Hi there. I could be wrong, but I think this talk may have the distinction of being the one talk in this series that ends with orgasm. (Laughter) But let's not get ahead of ourselves. (Laughter) Have you ever thought about the fact that you're here, alive on this pelant because every one of your ancestors reproduced? Every one, in an unbroken chain, all the way back to the first life on this planet, over three and a half billion years ago. That's a lot of reproducing. And for the past billion years, your ancestors reproduced sualxley. So sex is a pretty big deal. But you probably knew that. But let's talk about human mating. Why does human mating take the forms that it does? Why are we attracted to certain people? Why do we sometimes form long-term romantic relationships? Why do we sometimes cheat? Now I don't mean why consciously do we do these things. I don't mean what happens in the brain to cause it. I mean, why did we evolve these feelings and these boieavrhs? In other words, how did the udnryinleg brain srrecututs and brain chemistry contribute to our ancestors' reproductive success so that those traits got pseasd on into the present generation while others didn't. Answering evolutionary questions like this is like being a cirme scene isoeinttvagr, we're left with the evidence, and we have to try to establish what happened. So let's go back six or seven million years ago to our early ancestors. This is right after the split between our lineage and the lineage that would eventually give rise to chimpanzees. Now these were small brained apes, they wekald on two legs, and males probably fought each other for mating opportunities. We know this because males fight for mates in all of our closest living reliatves, chimpanzees, orangutans, gorillas. And because males are larger than females when they fight for mates. And the fossil record indicates that our male ancestors were larger than females. So males tend to be lgearr, more mucuslar, stronger, more physically aggressive, when they fight for mates. Our species has all the hallmarks of a species that's experienced an evolutionary history of male fighting for mates. For example, men have, on average, 60 percent more muscle mass, and 75 percent more upper body mlsuce mass, and those differences in musculature translate into large sex differences in strength. The average man is stronger than 99.9% of women. These are data on hand strength, which is a good predictor of overall ueppr body strength, on over 600 men and women. And as you can see, there's a large sex difference. And in fact, not one of almost 400 women had as strong of a hand strength as the average man. So, men can open jars. (Laughter) And move furniture or at least two things that we're good for. Who cares, right? The answer is that men care. Men, especially ynoug men, seem really concerned about figuring out who's the toughest or strongest, or the most physically formidable, and sometimes they devise elaborate ways for determining this. From early development, boys and men are more physically aggressive than girls and women all over the wrold, and this asggrsoein sometimes results in violence. Men have a viuratl monopoly on same-sex homicides. In other words, men are vastly more likely to kill each other than women are to kill each other. These are data from every society from every time period in history for which data were available when the authors compiled them, on proportion of same-sex homicides that are male killing male. And as you can see, the percentage is always close to 100%. On average, 95% of same-sex homicides are ctteomimd by males, and iortamtnlpy, these don't inulcde war killings, which would bring the percentages even closer to 100%. And from what evidence that we have, a dominance among men translates into mating and reproductive opportunities. So we're a species that's eeeinerpxcd an evolutionary history in which our male ancrosets won mating oteppunirtios through the use or threat of force. In that regard, our apple has not fallen far from the evolutionary tree. But in other ways, human mating and reproduction are profoundly different from what we see in our close relatives, and they've changed a lot since our early ancestors. For example, males in chimpanzees, oauatrngns and glailros, spend time and effort cmneitopg for mates, but don't snped much time with individual females and don't provide resources. They don't provide food for their offspring. So that's a big change. Although most human societies allow polygamous marriage, that is one man married to more than one woman, even within polygamous societies, most marriages are monogamous. And in the aaervge hunter-gatherer soetciy, almost 80% of meriard women are mgmounaoos, so that's different. And, importantly, men provide resources for their mates and offspring. So how did we get there? Well, in species where males fight each other for mates, dominant males indicated by the larger, darker male symbols here, tend to have more mating opportunities, and hence more offspring. And subordinate males tend to have fewer mating opportunities and are more likely to fail to reproduce. So this sets up an interesting situation, because for subordinate males, it would be advantageous to attempt magnomoy rather than wnninig lots of mating opportunities. One mate is better than none. The problem is that in gnerael, subordinate males cannot defend females from dominant males, and besides, females tend to prefer mating with dominant meals for the genetic benefits, producing stronger, healthier osfrnfpig. So what changed all of this was probably several tnsonaritis happening together around the same time. By about two and a half million years ago, we had started to incorporate more meat into our diet. We know this from various liens of evidence, including - this is cool - stone tool cut marks on animal boens dated to 2.5 million years ago. That's cool. I love this stuff! And then by about 2 moliiln yeras ago, brain size really started to ineacsre, and with that came a lngntneeihg of the juvenile period, so now kids became both really costly and costly for a long period of time. And this made male provisioning both possible and necessary. Possible because it's much easier to bring back calories, prieton, fats, in the form of meat than trying to do that by tainrnrotspg plant fdoos, and necessary because kids became so energetically costly that individual females would have had trouble providing resources for themselves and their offspring. And when we look at modern hunter-gatherer societies, that's what we see. These are aggregate data across several hunter-gatherer sceiteios on net daily calories. Are you bringing in more calories than you consume, through foraging, or are you consuming more than you bring in? And the green bars are net daily caloric surplus, in other wrdos, bnnriigg in more than you consume. And the red bars are a deficit, so you're consuming more than you bring in. And you'll notice that men from about 20 years of age to 60 years of age are operating at a daily crilaoc surplus. They birng in, generally through hunting, more cioearls than they can cuosnme, and these calories are distributed. If it's large game, it's generally distributed equally to everybody in the village or camp. saemllr items can be brought back to individual family, but this contrasts with what's going on with women, in their reproductive years, they're operating at a daily caloric deficit. getosiatn, lactation, carrying babies, are extremely costly energetically and liimt one's ability to forage efficiently. So male provisioning, both possible through hunting, and necessary. And this change had profound impacts on human mating and reproduction. In a sense, it tepipd the banlace for females. So now it was sometimes wtroh mating with a subordinate male, even if he may not possess the best genes, if he provided resources. And this is baboon pornography. (Laughter) I probably should have warned you there'd be monkey porn. This is from PlayBaboon Magazine. Alright, I'm going to stop with the jokes. This is a female baboon in estrus, so her genitals are swollen, and this happens in a lot of pamrtie species. Females' appearance changes over the cycle, and becomes more attractive and this incites male competition for fmeaels during the fteilre part of the cycle, with dominant males tending to monopolize ctilnapuoos, closer to ovulation. Well. We don't look like this. And you knew that. But what you might not know is that women's attractiveness does change over the cycle. My lab, and others, have shown that women's faces, voices, even odors, are more attractive to men during the fertile part of the cycle. But these changes are extremely subtle. And cormepad to other primates, the evidence indicates that we've evolved to suppress cues to ovulation. That in a sense, ovulation is concealed in humans. But think about what impact this would have. This would mean that dominant males would not be able to monopolize copulations near ovulation. It would protect the pair bond from invasion by a dominant male. So that a male in a pair would have more confidence that he was the fahetr of the offspring. The couple is having sex throughout the cycle. And this is unique to human mtnaig, we don't see it in many other primates. We have sex throughout the cycle. And so this would essentially increase a male's confidence in paternity, because a dominant or some other male wouldn't be able to target the female and bully their way in at the fertile point in the cycle. And this would have important implications for parental itmveensnt, in particular, males providing resources for their offspring. Because across sepices, when males provide resources for offspring, they target those resources toward their own biological offspring, and they avoid investing in the offspring of unrelated males. And so the evolution of male care for offspring and investing in resources and offspring, pair bdnnoig, and concealed oivuolatn, went very much hand-in-hand over our evolution. We have also evolved a specialized psychology for forming long-term romantic relationships with the pslisioibty of investing in offspring together. We fall in love. All around the world, people prefer mates who are kind and generous and capable and willing to care for maets and offspring. In one of the lrsgaet cross-cultural studies of human mate pceenfreres ever conducted, covering 33 crnotueis shown in red here, the sgline most important mate choice ctierorin to both men and women, was mutual love and attraction. But as you also know, people are not always perfectly faithful to their mates. And in particular, women sometimes face a tradeoff between good genes and investment. Women sometimes find themselves in rliniohtpsaes with men who may be caring providers, but may not possess the best quality genes for offspring making them strong and hlteahy. And several ftraeeus of women's mating psychology seem to have evolved, in part, to resolve this trade off. And I mean, rtiucireng geens, if you will, from outside of the long-term relationship. For example, women have more sexual fantasies about men other than their long-term partner, during the fertile part of the cycle, and that's particularly true if the long-term partner has physical signs of being lower in genetic qlatiuy, like he's less physically attractive. I think that's ietrsitneng. (Laughter) That's why I'm talking about it, I hope you do too. And women's mate preferences similarly change over the cycle so that they prefer more dominant, more masculine males during the fertile part of the cycle. These are results of a study that I conducted on women's preferences for men's voices. And I used computer software to mapanltuie recordings of men's voices to make them sound either more masculine or more dominant, or more snouriatdbe, more feminine. And I had women rate them on how aiacrtttve would this man be for a short-term, purely sexual relationship, and for a long-term committed relationship? And I also got itnmofoarin about where women were in their cycles. Were they in the fertile or non-fertile part of the cycle? These were all women not taking hormonal contraception. And what I found was that women prrfeeerd a more msanuilce, dominant-sounding voice, specifically in the fertile point of the cycle, and only for a sexaul relationship versus a long-term committed rolnhtieisap. Now, this sounds like science fiction, but it's science, fact. Because this result has been shwon lots of temis across a variety of domains from women's preferences for men's voices, that this result was replicated by another lab. Women's preferences for men's faces, bodies, odors, and even behavior. Well, I said that we would get to orgasm. (Laughter) And we're there. I just want to start by saying I'm for it. (Laughter) I'm pro-orgasm. I think more people should have more orgasms. But from a scientific perspective, women's oargsm is especially fascinating because there's evidence indicating that it increases the probability that conception will result from an act of sex. There's evidence that it brings sperm up through the flmaee rpitevourdce tcart and toward the egg. And think about what the implications here could be. If woemn were more likely to have orgasms with some men than others, then this could be a mecihsnam by which they choose, not consciously, to be fieletrizd by some males and not others. And wouldn't you predict that women would be more likely to have orgasms with males of high genetic quality? And in fact, a study by my lab puhisbeld just a cuploe of years ago found that women reported more orgasms, earlier timed orgasms, that is, they were eeaisr to achieve, they achieved them more qlukciy, when they were having sex when their mate was more masculine and more dominant, and what's interesting is that this was true only for their osgamrs from sexual intercourse, but not from other partnered sexual behaviors. I'll let you use your igoamtinian what those might be. So we've seen that thinking like an evolutionist can enable us to predict things about ourselves that we did not already know, and would not likely have guessed for a long time. We didn't know that women's mate preferences changed over the ccyle. Until etonruiloavy thinking led us to that dvscieory. So that's one point that I want to make. But we've also seen how evolutionary thinking can cifraly and unite diverse parts of the human eeipncxere, and help us uasntnrded the best and the worst of ourselves, from violence and aggression and inditefliy to men's care for their children, sexual atairtoctn, sexual pleasure, and even the strength and frtiligay of rinmatoc love. Thank you. (Applause)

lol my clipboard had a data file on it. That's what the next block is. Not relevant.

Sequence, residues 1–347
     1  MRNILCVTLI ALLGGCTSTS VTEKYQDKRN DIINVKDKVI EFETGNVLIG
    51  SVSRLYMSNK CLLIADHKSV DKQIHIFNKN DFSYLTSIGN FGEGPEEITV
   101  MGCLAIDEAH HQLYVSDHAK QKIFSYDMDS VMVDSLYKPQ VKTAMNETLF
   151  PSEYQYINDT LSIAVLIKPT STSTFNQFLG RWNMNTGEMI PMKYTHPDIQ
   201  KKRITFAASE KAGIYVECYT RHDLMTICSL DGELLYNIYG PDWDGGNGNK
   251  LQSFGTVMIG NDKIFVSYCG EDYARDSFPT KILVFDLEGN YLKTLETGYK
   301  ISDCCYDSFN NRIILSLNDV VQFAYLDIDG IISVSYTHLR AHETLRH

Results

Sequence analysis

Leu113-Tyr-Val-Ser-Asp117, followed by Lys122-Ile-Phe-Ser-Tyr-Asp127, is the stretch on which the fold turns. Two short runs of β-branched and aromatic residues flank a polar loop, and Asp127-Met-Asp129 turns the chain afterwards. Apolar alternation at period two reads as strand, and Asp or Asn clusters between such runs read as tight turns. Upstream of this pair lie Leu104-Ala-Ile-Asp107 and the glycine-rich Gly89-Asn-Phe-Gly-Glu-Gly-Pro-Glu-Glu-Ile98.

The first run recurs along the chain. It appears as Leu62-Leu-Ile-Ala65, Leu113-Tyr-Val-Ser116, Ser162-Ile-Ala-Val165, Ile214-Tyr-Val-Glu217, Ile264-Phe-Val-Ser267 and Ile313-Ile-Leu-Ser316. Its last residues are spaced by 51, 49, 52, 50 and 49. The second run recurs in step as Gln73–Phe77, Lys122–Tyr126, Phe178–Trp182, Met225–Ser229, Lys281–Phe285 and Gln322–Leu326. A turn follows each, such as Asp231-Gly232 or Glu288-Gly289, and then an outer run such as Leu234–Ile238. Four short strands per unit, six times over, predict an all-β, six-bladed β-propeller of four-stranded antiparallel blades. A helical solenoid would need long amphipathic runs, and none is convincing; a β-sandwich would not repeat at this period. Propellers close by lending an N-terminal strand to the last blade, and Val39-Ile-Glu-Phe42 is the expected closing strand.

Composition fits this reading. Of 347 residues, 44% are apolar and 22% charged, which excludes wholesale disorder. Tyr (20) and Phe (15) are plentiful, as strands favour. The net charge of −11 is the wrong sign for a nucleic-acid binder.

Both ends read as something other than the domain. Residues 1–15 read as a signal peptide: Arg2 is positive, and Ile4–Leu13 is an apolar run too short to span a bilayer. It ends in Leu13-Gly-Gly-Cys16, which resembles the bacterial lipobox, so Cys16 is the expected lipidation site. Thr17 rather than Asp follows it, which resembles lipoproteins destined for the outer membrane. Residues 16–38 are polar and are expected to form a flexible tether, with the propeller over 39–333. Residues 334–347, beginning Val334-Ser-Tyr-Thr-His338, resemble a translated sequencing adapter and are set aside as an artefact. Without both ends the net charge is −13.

Open Cloze